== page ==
We might not know it or have forgotten about it, but there’s such thing as The Great Pacific Garbage Patch or the Pacific Trash Vortex. The patch was first predicted in 1988 by the National Oceanic and Atmospheric Administration (NOAA) of the United States.
According to NOAA, the large wind movements created colossal rotating ocean currents that pulled in and trapped waste materials from across the North Pacific Ocean, including coastal waters off North America and Japan.
Some trapped plastics decomposed into smaller pieces and were not easily visible to the naked eye because these very small particles were suspended beneath the surface of the ocean. Although very small, these plastic particles continued to leach potentially toxic chemicals such as bisphenol A, PCBs, and polymer.
While retaining the toxins, plastic continued to disintegrate and ultimately became small enough to be ingested by marine organisms. This created a direct link of how plastic chemicals entered the food chain, and how it affected human health as a result.
But plastic is not the only garbage that finds its way into the ocean waters. Several types of trash are blown by the strong winds, dumped into the oceans, or picked up by tides from the beach. All these due to irresponsible human activity. Check out some of the trash we’ve contributed to destroying the ocean and its marine life.
10- PAPER BAGS
Used for convenience in shopping and grocery stores and for gift-giving. These bags, when plasticized or made thicker and glossier for longevity and reuse, decreased their biodegradability. Which means it would be difficult for these items to be broken down or destroyed by natural process.
Plain paper bags are more reusable and transferable from store to store compared to those store embossed bags for exclusive use. Not every nation has a recycling program, and where do these items go, if not in the oceans?.
To help, you can start a simple 3R’s program at home. REDUCE- when shopping, always bring your own shopping bags, opt for a cloth-made-bag. REUSE – cloth-made-bags are more likely to be reused for several times. RECYCLE- bags that are made of textile can be recycled into cleaning cloths.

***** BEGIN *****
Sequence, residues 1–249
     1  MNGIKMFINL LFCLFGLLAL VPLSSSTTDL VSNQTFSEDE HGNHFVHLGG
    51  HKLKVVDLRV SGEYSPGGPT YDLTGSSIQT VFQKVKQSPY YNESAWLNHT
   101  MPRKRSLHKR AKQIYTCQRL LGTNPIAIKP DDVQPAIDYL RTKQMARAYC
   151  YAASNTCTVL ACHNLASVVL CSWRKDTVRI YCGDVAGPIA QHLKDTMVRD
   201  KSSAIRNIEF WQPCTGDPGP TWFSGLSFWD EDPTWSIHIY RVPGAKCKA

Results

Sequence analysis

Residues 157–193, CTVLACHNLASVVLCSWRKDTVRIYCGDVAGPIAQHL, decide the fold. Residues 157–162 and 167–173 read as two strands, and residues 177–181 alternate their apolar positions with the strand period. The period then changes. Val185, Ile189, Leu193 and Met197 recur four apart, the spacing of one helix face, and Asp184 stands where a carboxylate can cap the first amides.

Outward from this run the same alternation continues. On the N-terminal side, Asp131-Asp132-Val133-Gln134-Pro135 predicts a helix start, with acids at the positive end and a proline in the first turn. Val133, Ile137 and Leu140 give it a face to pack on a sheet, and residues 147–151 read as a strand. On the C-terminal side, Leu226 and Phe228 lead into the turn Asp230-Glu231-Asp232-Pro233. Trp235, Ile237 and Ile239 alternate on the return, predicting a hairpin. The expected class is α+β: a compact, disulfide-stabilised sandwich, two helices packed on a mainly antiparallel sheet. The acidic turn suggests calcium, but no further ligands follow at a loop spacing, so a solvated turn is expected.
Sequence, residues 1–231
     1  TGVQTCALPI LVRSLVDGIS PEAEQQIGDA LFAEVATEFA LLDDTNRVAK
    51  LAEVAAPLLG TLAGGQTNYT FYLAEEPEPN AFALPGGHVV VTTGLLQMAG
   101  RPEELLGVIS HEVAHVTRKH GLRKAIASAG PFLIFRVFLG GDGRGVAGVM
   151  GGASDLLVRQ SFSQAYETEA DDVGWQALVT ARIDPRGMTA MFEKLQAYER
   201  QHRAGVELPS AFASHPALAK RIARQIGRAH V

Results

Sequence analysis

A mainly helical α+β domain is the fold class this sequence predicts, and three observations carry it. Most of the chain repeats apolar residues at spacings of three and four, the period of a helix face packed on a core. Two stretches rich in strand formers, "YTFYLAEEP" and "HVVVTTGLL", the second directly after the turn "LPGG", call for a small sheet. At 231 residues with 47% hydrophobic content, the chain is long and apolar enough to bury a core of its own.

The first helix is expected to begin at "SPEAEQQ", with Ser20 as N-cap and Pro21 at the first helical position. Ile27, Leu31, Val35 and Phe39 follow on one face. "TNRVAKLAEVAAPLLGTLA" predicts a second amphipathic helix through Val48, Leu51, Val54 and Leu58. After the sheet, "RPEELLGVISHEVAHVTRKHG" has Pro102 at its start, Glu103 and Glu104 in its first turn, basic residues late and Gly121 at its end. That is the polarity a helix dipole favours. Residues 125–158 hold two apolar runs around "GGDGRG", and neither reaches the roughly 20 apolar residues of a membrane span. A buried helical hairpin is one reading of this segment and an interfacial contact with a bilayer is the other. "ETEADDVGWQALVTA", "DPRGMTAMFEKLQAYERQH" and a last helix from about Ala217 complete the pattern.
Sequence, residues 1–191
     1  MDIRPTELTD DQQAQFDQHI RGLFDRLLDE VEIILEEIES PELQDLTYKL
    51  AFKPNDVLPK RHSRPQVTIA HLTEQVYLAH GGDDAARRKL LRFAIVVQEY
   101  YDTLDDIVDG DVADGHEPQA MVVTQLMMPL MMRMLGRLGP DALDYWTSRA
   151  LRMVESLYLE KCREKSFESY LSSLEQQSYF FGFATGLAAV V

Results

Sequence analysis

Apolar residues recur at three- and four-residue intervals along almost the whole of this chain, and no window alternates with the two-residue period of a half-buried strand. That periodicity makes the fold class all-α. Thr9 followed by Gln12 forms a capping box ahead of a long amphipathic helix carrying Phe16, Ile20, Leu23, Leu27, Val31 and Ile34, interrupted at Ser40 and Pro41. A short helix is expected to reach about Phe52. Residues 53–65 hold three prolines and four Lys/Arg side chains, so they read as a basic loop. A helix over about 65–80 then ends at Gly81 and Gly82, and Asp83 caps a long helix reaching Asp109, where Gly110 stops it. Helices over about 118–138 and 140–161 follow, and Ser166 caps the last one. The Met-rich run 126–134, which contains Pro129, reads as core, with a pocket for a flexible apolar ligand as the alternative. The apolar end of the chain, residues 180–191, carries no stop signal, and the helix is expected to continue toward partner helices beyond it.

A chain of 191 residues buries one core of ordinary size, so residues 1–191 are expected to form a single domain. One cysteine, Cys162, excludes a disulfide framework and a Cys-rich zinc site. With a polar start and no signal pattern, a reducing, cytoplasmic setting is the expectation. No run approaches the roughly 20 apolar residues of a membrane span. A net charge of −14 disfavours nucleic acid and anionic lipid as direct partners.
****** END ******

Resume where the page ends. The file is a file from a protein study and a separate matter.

9- BEVERAGE CANS
Almost 50% of beverages we know are in aluminum cans. Cans are easily portable and do not break which are perfect containers for beers, carbonated drinks, sodas, fruit juices, lemonade, iced teas and other ice-cold drinks- Coke, Pepsi, 7-Up etc.
Almost all the garbage we throw everywhere reach the oceans. These aluminum cans will never degrade naturally and they will stay in our oceans and seas for 80-200 years ( tin cans will last 50 years at sea). Now imagine how much damage can your $1 diet coke cause? Do not dispose of them until you see a trash bin.
8- GLASS BEVERAGE BOTTLES
Compared to aluminum cans, glass beverage bottles are still popular in many countries. Glass beverage containers keep drinks cooler just a little bit longer and the bottle-making process tends to be a lot cheaper compared to modern-can-making machines.
These bottles are often the most collected recyclable items, but still thousands of these end up in our waters. Glass beverage bottles can stay in our oceans for millions of years, that’s serious damage to marine life, don’t you think?
No. 7 on this list are straws or plastic sticks/stirrers, a pack of these costs around $2, but there are more than half a million of these trash thrown into our oceans. These plastic straws stay in the waters at least 50-100 years.
I wonder if we should thank Marvin Chester Stone, (the man behind these modern thin tube plastics) when these end up destroying the marine life. Bending straws became conveniently popular, the angled straw became suitable to drinking while reclining. If you couldn’t resist the urged to use these plastics, at least dispose of them responsibly.